At the outset of the meeting, J asked for a vote to change the agenda and move his motion into open session. Because two board members were late, the motion passed. I voted against it, and I have been pondering why. Mine was largely a strategic vote. I didn't want to tip my hand, especially not that early in the meeting.

Counting the adoption of the minutes, there were some 15 motions before we got to J's motion to rescind. I had earlier sent an email to J saying that if he really wanted the motion to pass, he needed my vote -- I even told him how to pare down the motion so that I would support it. When J introduced the motion, it was in the pared down form which has a stark simplicity. It was very clear what the issue before us was -- whether or not to rescind, period.

The first speaker was H. H is loud and he speaks his mind. One of the things he said was that to vote for this motion would be to state that we were wrong when we voted for the September 14th motions.

I was the second speaker . I said that, yes, voting for this motion would be to state that we were wrong and that was why I was going to vote for it. The harm we did to the coop by passing those motions far exceeds the harm done by the improper actions we were responding to.

Jaws dropped -- at least figuratively. One board member perceived my move as a personal attack, or at least he spoke in that way. Another (A) flat out told me that I was wrong and told me why.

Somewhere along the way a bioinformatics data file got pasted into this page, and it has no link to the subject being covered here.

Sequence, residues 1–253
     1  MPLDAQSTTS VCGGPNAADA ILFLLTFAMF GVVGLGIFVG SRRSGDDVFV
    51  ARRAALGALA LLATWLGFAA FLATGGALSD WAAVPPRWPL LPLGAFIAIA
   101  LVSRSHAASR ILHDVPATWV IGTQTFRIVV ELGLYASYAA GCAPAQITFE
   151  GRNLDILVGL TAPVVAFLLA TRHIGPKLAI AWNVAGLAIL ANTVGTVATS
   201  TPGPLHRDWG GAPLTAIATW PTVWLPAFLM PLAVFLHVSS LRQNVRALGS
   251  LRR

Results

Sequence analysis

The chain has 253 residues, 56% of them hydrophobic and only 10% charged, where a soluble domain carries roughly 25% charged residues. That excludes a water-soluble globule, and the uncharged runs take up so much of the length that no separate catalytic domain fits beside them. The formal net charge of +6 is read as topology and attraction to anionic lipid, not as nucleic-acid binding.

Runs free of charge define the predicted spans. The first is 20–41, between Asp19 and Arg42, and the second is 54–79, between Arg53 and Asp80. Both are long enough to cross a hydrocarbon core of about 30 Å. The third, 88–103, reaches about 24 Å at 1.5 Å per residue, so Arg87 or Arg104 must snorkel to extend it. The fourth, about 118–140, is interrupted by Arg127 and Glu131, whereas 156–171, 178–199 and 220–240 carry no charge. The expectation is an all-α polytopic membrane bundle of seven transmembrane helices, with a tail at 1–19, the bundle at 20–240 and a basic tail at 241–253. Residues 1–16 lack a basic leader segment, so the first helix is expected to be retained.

I asked for, and got, permission to respond to the latter (A). I said I was not defending the actions that I still think were inappropriate, but that I have concluded that our response was excessive -- that an appropriate response would have been simple censure as it was when a majority of the board censured A last April for what we perceived as misuse of privileged information. I paraphrased the statement of Maimonides that I cited in Part One of this series.
any utterance (true or not) that might cause a person physical or monetary damage, or shame, humiliation, anguish or fear is prohibited
(Obviously I was not as clear as I could have been. A heard me as saying he was wrong to have caused monetary damage to B. In fact my intent was to say that I am applying the Maimonides standard to myself, not to others.)

I said that under that standard even simple censure is prohibited, so I apply the law of double effect (an action that has both a good outcome and a bad outcome is permissible only if the good outcome outweighs the bad outcome.) Censuring is a lesser evil than condoning improper behavior and is thus the better choice

Which brings me to the question of why I did not suggest replacing the September 14th motions with a simple motion to censure. The short answer is I didn't think of it. In any case, I don't think it would have gotten enough votes to pass, and finally, at this late date, even that response to the "offense" is excessive.

During the discussion, C made a great point of the harm that was caused by the secrecy of the actions of the prior administration. In fact, we cured that harm, if indeed there was any, by electing new officers last May. I say "if there was any" harm because, while there was certainly a potential for harm if the situation had continued, it did not continue. As for any financial harm to the coop, I strongly doubt that the charge imposed on E is collectible; the other charges were purely symbolic and hence to my mind they not only "might cause" but their intent could only be to cause "shame, humiliation, [and] anguish" to the three. I do not presume to judge the motives of the others who voted for the September 14th motions, but I can judge my own -- and having judged, I now repudiate my vote in the only effective way possible -- by voting to rescind.

Five people voted along with me for J's motion to rescind. Based on prior votes, I differ with all of them on key issues, including the issue of whether anything improper took place last year. But they are my sisters and brothers and I have to love them as myself.